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Neftali Feliz to Start? Not Likely

Last week, Craig Calcaterra pointed us to a great conversation between Mike Ferrin and Rangers’ Assistant General Manager Thad Levine on Sirius XM. Though Levine couched the news within some considerable caveats (“Probably there‚Äôs a little bit more onus now on him really wowing us in spring training to inspire the move”), the general point was that wunderkind closer Neftali Feliz would get the chance to start in spring training.

Should rotisserie managers switch Feliz over to their starters’ cheat sheet? Should Rangers’ fanatics begin dreaming of Feliz shutouts and checking out available relievers for possible mid-season pick up? Probably not. As you drill down into what Feliz truly represents, there’s little out there in terms of comparative players. It might be a problem of definition, so let’s get that part right.

Definition One: Neftali Feliz is a young right-hander that throws gas.
This is sort of like defining Joe Posnanski as a person that types regularly, but it’s a definition that already eliminates one of his possible comparative players. Yes, CJ Wilson made the move from relief to the rotation recently, and for the Rangers even, but he was neither young (29 when he made the switch) nor right-handed, and he peaked at 93 MPH in his short stints. Maybe the handedness is not a big deal, but clearly age and previous roles are important.

Definition Two: Neftali Feliz is a 22-year-old gas-throwing right-hander with minor league experience starting and major league experience in the pen.
It may feel like we are getting somewhere, but this definition does not whittle the pool of possible comps down to a manageable number. Sort by pitchers younger than 24 years old that began their careers in the pen, put in more than 65 innings in relief, but ended up starting long-term, and you’ll find Carlos Silva, Vincente Padilla and Braden Looper on the list. And yet most of these names don’t seem integral to the understanding of the likelihood that Feliz starts this year. Mostly, these were pitchers that had more pitches than your average reliever but didn’t seem suited to be shutdown closers. One thing this particular group had in common was a lack of gas or a shutdown fastball, but let’s keep the focus on Feliz.

If we allow 25 year-olds into the list, an interesting name does pop up. Adam Wainwright once relieved and has turned into a pretty good starter. There are, however, some significant differences. For one, Wainwright owned a secondary pitch – a curve – that famously froze Carlos Beltran once. Add to the curve a slider and a show-me change, and Wainwright has used four pitches more than 7% of the time. Feliz is mostly a fastball / curve guy, and he he even threw his curve more rarely than Wainwright in the same role (15.9% for Feliz, 25.9% for Wainwright in 2006).

Brandon Morrow is an interesting name for sure. He came up at 23 and relieved for a year and a half. He had a 95 MPH fastball that he used about 70% of the time, too. But 70% is not 80%, and Morrow’s secondary stuff did receive some praise as far back as 2006, when Prospect Insider gave his splitter a 60 on the 20-80 scale. Starter-type stuff, the article says. Most prospect write-ups for Feliz focused on his fastball and discussion of whether or not he could develop the secondary stuff to start. Even Keith Law’s piece as late as early 2010 (insider link) talked about Feliz’ mostly-eschewed changeup and curve in that light.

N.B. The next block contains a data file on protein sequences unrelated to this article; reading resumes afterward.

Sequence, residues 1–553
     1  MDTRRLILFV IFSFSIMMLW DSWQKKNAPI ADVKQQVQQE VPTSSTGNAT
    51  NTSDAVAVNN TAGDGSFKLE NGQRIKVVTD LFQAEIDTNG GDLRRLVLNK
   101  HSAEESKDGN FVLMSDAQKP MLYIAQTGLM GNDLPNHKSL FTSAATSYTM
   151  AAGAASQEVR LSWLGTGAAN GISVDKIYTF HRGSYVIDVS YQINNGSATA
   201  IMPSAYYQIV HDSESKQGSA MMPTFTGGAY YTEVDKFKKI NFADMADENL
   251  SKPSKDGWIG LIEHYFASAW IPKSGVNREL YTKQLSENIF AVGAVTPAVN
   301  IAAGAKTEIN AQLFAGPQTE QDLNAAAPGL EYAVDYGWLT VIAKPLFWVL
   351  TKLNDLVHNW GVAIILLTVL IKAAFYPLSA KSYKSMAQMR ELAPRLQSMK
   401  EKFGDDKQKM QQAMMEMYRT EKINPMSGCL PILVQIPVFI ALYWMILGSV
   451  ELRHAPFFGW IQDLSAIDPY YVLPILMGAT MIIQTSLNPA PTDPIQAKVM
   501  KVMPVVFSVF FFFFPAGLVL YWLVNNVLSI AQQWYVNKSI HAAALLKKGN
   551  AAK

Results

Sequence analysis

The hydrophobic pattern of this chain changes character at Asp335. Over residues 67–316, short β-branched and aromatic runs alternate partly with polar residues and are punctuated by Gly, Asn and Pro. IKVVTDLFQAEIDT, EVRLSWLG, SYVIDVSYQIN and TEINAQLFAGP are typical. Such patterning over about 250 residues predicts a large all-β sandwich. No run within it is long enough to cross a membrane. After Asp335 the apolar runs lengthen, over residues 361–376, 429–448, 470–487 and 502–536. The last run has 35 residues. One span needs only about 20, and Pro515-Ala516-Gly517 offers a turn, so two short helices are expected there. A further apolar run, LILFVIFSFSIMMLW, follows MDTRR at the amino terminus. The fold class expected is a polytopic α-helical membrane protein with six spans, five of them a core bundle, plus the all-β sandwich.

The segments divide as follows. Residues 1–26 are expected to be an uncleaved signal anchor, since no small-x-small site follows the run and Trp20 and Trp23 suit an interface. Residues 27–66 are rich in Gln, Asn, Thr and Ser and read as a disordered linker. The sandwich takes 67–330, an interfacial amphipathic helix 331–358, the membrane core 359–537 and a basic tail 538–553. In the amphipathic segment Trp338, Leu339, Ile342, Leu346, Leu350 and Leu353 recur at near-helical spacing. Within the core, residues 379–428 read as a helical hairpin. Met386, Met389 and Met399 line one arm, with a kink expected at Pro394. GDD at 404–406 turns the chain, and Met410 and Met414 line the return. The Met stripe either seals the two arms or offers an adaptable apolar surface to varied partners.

This also may not sound like much, but both Morrow and Wainwright did not close. It’s a sticky role, though, closer: we’ve already seen time and time again that the baseball market values proven closers highly.

Definition Three: Neftali Feliz is a gas-throwing young right-hander that has closed for more than a full year after having minor league experience starting.

Short of defining him by his arsenal, this is about as granular a definition as you can drop on Feliz. One thing the definition does do, though, is accurately represent how rare his potential move might be. Here are the right-handed pitchers under 25 that closed for a full year and then returned to the starting rotation: Byung-Hun Kim.

Once again, it’s constructive to return to the respective arsenals in play here. Kim had an 89 MPH fastball that he threw about 60% of the time, a slider he used about 30% of the time in relief, and a changeup that he used about 10% of the time. Feliz has a 96 MPH fastball that he uses about 80% of the time, a curveball he uses 15% of the time, and a changeup that he barely uses at all. It’s not a stretch to eliminate Kim as a comp.

Define Feliz strictly and you lose comp players for him. Sure, other young men have relieved before they went back to starting, but how many were elite closers for a full year before returning to the rotation? Not many. Of course, the ‘real’ question is whether or not Feliz has the arsenal and the stamina to be a starter, but if our comps are to be believed, the answer may already be written.